Friday, December 19, 2008

Overdoing it

Brenton Tomlinson raised an excellent point that I think I’ll address sooner rather than later. Like, now.

Is there a danger of overdoing this structure and analysis work?

Can you overwork your outline, or try to do just too damn much – try to force every one of these concepts in? Or spend so much time on outlining and reworking your structure that you never get to the actual writing?

Yes, of course you can. Obsessive-Compulsive Disorder is almost always a problem for creative people. You have to be fairly obsessed to succeed at anything, and obsession feeds on itself. There’s a point at which obsessive outlining, or obsessive anything, can become counterproductive. You have to know that tendency in yourself and stop yourself when you feel yourself becoming hung up.

The bottom line of all this method is just one thing: teach yourself how to write the kinds of stories that YOU love, that work for YOU, by analyzing the books and films that turn you on, and figuring out what those storytellers are doing to create the effects they do.

That’s really the main thing I’m trying to show you, here, and then I’m throwing in a lot of general structure information and technique that I’ve learned from theater and film and novel writing.

But I also hope that you’re not JUST outlining or JUST doing index cards, and I think I’d better reiterate this point - now, and in future posts. When you’re brainstorming on your story outline and you suddenly have a full-blown idea for a scene, or your characters start talking to you, then of course you should drop everything and write out the scene, see where it goes. ALWAYS write when you have a hot flash. I mean – you know what I mean. Write when you’re hot.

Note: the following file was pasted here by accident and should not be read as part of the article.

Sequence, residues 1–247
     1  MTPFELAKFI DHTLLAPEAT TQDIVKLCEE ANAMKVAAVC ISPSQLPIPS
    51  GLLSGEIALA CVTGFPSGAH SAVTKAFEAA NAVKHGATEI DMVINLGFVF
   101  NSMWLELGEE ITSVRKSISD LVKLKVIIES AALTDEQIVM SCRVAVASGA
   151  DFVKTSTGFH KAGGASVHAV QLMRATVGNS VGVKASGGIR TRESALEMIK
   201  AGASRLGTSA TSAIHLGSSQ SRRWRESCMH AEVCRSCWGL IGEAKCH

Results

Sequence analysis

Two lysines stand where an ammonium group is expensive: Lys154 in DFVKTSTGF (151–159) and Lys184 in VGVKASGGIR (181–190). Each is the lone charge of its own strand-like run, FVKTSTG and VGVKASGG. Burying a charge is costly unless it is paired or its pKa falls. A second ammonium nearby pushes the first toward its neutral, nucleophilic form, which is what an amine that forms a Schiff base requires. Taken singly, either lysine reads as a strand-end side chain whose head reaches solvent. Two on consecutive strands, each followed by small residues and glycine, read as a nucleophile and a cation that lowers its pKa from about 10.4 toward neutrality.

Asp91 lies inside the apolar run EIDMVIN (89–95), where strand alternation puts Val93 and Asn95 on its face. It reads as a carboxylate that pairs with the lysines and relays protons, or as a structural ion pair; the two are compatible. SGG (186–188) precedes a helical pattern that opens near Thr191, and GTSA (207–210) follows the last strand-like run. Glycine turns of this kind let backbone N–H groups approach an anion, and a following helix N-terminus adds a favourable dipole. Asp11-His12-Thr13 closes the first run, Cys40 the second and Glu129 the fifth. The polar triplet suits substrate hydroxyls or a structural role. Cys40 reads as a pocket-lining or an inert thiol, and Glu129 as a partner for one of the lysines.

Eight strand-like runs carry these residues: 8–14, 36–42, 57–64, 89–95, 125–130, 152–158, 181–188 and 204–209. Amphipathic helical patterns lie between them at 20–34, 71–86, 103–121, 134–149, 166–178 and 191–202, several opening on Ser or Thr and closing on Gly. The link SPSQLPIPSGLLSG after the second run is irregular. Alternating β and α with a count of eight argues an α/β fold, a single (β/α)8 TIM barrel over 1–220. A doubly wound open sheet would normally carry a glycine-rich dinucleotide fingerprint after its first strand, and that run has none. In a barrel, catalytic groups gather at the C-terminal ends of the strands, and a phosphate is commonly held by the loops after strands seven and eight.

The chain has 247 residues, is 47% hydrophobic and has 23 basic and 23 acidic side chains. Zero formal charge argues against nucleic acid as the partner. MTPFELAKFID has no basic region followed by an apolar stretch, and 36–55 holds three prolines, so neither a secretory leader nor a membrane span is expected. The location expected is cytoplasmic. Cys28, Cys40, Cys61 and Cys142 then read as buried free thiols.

Ideally you’re working on three or four piles of material, or tracks, at once.

- The index cards you’re brainstorming and arranging on your structure grid.

- - A notebook of random scenes, dialogue, character descriptions that are coming to you as you’re outlining, and that you can start to put in chronological order as this notebook gets bigger.

- - An expanded on-paper (or in Word) story outline that you’re compiling as you order your index cards on the structure grid.

- - a collage book of visual images that you’re pulling from magazines that give you the characters, the locations, the colors and moods of your story.

In the beginning of a project you will probably be going back and forth between all of those tracks as you build your story. Really this is my favorite part of the writing process – building the world – which is probably part of why I stay so long on it myself. But by the time I start my first draft I have so much of the story already that it’s not anywhere near the intimidating experience it would be if I hadn’t done all that work.